Munger, Tolles & Olson attorney Ankur Mandhania co-wrote a “Supreme Court Watch” column for the Summer 2016 edition of San Francisco Attorney magazine about U.S. Supreme Court Justice Antonin Scalia’s effect on the evolution of oral arguments in the High Court.
Mr. Mandhania’s article notes that Justice Scalia, who once stated that “things can be put in perspective during oral argument in a way that they can’t in a written brief,” did not subscribe to the traditional view that oral argument is largely immaterial to the court’s decision. During Justice Scalia’s tenure, advocates were questioned more aggressively during oral argument than they had been before Justice Scalia joined the court.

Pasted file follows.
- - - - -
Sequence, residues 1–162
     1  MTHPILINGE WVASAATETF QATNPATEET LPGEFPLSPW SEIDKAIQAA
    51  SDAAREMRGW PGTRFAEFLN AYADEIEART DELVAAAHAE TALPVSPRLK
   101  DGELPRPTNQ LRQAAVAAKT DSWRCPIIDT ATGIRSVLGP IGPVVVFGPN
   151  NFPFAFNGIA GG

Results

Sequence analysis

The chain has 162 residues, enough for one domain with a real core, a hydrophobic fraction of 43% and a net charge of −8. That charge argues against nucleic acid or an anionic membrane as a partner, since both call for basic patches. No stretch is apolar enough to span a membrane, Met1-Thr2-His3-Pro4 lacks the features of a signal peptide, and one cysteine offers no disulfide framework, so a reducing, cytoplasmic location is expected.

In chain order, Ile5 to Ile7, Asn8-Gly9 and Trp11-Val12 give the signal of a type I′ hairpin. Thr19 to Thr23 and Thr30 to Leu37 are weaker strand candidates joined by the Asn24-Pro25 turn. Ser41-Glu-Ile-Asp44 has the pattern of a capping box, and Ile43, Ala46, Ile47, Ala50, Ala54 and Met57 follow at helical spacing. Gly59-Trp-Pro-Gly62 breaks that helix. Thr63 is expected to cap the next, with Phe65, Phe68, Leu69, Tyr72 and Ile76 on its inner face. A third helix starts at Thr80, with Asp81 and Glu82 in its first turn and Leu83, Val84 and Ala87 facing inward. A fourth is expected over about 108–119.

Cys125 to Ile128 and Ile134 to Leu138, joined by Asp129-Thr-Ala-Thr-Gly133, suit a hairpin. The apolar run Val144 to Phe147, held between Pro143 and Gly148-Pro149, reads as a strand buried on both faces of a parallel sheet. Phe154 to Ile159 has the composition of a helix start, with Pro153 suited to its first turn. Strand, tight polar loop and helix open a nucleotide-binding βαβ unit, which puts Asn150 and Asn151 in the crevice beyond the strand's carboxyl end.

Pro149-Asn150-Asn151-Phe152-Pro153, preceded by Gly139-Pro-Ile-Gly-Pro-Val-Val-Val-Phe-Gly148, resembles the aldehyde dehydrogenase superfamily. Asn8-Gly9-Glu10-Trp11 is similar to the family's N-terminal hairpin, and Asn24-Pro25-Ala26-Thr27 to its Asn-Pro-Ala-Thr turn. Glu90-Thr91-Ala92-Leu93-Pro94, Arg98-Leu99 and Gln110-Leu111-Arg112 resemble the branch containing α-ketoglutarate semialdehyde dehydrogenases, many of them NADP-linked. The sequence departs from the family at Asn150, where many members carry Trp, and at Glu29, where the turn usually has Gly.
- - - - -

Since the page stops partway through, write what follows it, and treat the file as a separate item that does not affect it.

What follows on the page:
Mr. Mandhania’s empirical analysis of oral arguments after Justice Scalia’s passing notes that despite the loss of one of the court’s most active questioners, the amount of colloquy during argument between the Justices and advocates appears unchanged. He concludes that “although the method of argument may be the same, the identities of the people asking the questions, and the type of questions they are asking, seem to be shifting dramatically.”
Based in San Francisco, Mr. Mandhania focuses his practice on complex litigation.